The top objects have a legacy linear, radial and elliptical gradient fill.  You'll see that when I shear the first two objects, the fill kind of moves around inside the object and doesn't conform to the shear.

The bottom objects have a corrected fill.  When I shear these objects you'll see that the fills continue to adhere to their placement relative to their object.

 

I then show you some new handles that appear in the Fill tool, which show you the "correction" points of the linear and radial fills, connected with dashed lines.  (You'll notice that the elliptical fills appears the same as they need no correction).  These new handles show you when a fill is being corrected, and give you opportunity to place the extra correction points if you so chose.  You can double click the correction point handles to adjust the fill into a conventional linear or radial fill in document space.

 

Why is this important?

 

If I create an asset or a symbol, I can then place it, and transform it, and maintain the visual appearance without the fills distorting.  This is then especially useful for 2.5D drawing - I can use assets and symbols that were designed in 2D, transform them to grid plane (using the new planar tools coming in 1.7 which make use of shear and scale), and they will maintain their fills.

Of course, it is just generally useful, in that it kind of maintains a more WYSIWYG approach to gradient fill placement.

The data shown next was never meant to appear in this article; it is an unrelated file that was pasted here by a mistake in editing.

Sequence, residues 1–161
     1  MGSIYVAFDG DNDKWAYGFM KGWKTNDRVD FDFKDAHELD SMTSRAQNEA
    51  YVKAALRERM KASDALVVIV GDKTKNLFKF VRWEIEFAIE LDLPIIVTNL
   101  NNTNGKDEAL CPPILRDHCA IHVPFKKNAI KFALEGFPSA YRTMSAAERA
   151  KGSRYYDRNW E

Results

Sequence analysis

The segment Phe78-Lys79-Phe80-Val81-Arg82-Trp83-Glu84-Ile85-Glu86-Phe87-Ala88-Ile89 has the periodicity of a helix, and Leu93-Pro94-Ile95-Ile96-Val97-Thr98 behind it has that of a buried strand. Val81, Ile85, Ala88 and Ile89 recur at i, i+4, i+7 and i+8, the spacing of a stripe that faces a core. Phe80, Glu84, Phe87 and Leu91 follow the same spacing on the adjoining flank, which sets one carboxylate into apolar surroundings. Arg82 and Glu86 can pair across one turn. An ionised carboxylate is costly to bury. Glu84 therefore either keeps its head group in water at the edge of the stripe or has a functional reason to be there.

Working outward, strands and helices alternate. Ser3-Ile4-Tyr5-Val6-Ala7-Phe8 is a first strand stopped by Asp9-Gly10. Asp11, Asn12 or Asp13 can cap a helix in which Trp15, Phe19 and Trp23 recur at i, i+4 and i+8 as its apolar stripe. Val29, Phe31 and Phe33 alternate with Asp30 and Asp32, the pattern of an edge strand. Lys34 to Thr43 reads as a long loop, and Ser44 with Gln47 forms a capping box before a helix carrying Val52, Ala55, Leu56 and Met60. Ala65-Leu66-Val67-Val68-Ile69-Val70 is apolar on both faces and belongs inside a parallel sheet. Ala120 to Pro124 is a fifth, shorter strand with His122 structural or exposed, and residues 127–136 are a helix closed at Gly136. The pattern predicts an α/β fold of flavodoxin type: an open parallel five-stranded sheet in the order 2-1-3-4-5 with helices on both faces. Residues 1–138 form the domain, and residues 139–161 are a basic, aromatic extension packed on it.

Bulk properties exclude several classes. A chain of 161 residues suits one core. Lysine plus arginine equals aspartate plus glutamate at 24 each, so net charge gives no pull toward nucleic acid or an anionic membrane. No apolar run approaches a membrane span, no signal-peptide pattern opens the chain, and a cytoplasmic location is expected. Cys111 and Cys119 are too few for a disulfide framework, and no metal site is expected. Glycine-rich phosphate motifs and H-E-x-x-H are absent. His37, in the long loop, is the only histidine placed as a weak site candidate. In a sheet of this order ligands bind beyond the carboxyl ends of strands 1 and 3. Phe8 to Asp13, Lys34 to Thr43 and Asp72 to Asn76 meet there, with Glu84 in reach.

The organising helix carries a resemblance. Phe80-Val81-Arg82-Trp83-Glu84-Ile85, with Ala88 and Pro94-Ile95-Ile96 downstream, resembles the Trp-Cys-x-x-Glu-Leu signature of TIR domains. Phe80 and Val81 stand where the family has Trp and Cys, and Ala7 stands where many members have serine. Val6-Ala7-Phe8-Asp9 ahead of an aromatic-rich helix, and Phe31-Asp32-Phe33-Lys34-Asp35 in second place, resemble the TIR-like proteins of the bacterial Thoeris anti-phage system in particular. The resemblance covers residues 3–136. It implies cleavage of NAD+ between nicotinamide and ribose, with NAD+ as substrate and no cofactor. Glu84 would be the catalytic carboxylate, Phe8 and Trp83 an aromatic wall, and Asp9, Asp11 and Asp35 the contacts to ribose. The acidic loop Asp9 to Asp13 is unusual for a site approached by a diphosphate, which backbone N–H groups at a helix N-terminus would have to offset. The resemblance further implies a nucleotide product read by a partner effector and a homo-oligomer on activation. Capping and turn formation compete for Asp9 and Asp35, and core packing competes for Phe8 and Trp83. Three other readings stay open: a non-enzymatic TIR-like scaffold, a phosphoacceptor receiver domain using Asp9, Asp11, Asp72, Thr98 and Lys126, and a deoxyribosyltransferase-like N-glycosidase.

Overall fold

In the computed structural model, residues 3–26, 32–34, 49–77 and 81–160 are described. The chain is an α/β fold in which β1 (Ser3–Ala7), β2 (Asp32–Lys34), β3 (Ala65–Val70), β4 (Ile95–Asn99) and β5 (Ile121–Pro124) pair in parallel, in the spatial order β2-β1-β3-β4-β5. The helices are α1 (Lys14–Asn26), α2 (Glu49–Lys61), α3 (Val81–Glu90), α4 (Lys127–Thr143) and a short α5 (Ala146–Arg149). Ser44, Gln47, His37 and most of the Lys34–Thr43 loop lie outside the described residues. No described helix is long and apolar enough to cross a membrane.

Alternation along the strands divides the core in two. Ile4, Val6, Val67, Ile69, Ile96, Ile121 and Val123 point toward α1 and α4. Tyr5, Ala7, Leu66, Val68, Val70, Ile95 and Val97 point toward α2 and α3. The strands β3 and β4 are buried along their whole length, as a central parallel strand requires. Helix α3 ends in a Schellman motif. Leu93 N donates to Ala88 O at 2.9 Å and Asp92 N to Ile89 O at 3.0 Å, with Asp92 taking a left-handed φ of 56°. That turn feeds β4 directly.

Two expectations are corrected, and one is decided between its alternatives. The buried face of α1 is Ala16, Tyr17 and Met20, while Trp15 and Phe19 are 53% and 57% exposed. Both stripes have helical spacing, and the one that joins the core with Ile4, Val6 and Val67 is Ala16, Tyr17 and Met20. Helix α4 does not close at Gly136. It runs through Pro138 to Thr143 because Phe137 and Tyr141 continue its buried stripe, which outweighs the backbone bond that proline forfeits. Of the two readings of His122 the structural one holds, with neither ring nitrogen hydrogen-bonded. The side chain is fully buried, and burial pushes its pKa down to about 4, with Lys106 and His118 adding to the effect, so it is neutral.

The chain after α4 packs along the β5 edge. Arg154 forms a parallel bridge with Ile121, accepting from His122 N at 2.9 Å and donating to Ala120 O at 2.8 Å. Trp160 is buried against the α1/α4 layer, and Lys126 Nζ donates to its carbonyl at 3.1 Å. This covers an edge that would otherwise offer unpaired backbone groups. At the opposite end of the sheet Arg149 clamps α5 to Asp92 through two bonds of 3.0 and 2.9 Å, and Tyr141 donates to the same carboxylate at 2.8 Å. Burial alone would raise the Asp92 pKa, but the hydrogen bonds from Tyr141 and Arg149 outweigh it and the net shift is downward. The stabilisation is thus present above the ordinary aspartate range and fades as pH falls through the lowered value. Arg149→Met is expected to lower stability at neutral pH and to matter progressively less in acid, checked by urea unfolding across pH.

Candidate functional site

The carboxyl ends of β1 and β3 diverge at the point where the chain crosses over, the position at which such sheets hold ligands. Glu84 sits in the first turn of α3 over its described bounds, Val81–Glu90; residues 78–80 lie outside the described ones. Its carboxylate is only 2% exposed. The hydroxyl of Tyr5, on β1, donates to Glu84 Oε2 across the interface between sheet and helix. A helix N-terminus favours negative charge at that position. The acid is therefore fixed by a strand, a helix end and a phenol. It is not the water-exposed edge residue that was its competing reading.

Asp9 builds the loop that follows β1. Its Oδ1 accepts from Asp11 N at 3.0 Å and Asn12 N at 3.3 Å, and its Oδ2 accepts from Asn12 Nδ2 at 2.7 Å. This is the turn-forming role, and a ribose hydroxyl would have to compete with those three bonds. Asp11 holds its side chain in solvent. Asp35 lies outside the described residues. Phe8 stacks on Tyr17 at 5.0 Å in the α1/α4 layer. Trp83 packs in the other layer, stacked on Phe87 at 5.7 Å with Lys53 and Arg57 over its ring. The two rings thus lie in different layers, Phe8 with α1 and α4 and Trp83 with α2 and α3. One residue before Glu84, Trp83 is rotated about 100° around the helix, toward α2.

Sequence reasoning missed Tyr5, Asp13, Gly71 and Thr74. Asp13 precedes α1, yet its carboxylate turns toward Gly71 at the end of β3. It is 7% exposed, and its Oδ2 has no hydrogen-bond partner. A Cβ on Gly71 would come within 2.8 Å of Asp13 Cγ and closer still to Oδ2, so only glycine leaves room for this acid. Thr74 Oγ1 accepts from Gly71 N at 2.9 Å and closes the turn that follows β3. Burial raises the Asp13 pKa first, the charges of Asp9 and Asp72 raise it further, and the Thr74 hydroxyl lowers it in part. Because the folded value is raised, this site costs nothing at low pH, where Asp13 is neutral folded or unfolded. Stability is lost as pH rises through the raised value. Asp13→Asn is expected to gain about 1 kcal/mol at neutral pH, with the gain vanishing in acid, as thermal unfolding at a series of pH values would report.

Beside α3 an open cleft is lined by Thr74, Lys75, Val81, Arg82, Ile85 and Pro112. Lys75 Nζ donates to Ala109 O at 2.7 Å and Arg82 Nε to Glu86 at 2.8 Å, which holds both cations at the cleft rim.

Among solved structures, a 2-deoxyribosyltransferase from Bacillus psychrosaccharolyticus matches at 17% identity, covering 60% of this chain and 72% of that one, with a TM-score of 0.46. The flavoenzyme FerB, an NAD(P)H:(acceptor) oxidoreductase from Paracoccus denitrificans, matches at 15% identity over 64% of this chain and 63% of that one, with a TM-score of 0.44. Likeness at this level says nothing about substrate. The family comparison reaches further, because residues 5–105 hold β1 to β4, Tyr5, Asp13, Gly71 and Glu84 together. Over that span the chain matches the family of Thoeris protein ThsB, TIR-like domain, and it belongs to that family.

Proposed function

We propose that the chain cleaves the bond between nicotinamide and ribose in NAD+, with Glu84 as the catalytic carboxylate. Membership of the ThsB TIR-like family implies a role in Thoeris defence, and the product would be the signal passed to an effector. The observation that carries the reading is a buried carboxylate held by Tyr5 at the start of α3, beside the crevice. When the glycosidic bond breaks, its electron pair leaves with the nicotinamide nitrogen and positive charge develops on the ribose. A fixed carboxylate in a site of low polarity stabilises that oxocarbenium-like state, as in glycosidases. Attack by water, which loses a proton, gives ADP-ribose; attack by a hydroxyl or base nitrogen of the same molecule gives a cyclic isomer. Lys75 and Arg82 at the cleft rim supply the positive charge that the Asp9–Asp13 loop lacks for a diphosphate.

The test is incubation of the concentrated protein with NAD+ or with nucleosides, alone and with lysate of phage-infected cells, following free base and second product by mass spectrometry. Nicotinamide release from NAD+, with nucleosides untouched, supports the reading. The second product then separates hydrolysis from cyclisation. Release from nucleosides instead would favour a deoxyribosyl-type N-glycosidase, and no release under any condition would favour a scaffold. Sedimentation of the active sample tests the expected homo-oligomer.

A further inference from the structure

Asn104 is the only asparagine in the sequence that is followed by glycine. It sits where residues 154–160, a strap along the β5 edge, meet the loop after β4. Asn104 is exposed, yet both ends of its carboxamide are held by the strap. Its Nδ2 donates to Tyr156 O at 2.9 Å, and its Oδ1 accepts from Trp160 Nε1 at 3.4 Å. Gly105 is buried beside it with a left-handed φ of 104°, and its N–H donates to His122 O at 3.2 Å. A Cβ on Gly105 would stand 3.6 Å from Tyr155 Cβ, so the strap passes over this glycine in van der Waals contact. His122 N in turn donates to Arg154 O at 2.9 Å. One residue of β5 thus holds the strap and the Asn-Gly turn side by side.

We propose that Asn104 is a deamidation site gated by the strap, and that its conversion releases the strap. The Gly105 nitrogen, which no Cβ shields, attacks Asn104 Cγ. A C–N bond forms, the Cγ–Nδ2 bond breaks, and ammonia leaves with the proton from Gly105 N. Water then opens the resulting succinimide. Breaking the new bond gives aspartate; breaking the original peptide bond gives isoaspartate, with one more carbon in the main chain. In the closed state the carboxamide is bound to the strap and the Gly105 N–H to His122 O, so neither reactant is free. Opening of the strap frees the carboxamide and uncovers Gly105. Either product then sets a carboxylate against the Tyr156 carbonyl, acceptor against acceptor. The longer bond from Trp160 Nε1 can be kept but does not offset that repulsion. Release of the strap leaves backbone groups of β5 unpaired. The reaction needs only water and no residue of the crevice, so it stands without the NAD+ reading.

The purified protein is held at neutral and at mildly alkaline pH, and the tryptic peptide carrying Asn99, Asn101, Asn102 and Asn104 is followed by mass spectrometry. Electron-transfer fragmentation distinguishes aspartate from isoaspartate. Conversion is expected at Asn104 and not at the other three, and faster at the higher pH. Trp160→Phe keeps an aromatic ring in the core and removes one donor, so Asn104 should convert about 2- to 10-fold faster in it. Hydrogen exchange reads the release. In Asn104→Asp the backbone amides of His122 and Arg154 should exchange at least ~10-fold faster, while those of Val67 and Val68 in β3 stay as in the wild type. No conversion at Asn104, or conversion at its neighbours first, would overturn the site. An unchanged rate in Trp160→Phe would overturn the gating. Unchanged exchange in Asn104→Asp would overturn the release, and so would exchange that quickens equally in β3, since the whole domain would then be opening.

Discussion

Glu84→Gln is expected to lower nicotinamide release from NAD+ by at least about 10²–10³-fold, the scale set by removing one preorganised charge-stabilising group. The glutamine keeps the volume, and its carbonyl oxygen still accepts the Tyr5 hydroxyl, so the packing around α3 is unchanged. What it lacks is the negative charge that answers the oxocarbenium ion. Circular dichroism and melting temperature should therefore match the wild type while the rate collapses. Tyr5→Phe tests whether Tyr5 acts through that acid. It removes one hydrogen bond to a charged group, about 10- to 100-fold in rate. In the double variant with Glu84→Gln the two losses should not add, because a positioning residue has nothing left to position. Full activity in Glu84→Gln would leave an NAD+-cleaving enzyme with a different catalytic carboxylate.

Just, don't ask about conical fills - they are going to take a bit more figuring out.

Ok I will not ask about conical fills....:) 

 

But... I noticed that if you add a graduation into a say semi circle object; then mirror the semi circle; the original graduation is 'not mirrored' and is left outside the object boundary in its original position...You have to manually re-position the graduation everytime!...would this be covered in your 1.7 updates?


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On 28/03/2018 at 0:15 PM, Ben said:

You know, I thought I'd already done that - turns out I hadn't yet.

 

Hi Ben, would you also be adding more snapping options to the control points of geometric shapes as well?

 

 

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Holy cr&p I just found this thread...! I guess I had this forum section hidden and then forgot about it... :-\

 

Anyway, this is getting damn good, super excited for these new features... all the great snapping and node tool improvements. Yes nodes alignment please Ben!! ;) really miss that.

 

... and here I was thinking things had quieted down over the last few months... doh!  Keep up the great work, more vids!! ;)

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11 hours ago, rubs said:

 

Hi Ben, would you also be adding more snapping options to the control points of geometric shapes as well?

 

 

 

I have been thinking about it, but it will be quite involved.  There are a number of not-so-obvious things that I'd have to solve to make it a fully useable feature.


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39 minutes ago, Ben said:

 

I have been thinking about it, but it will be quite involved.  There are a number of not-so-obvious things that I'd have to solve to make it a fully useable feature.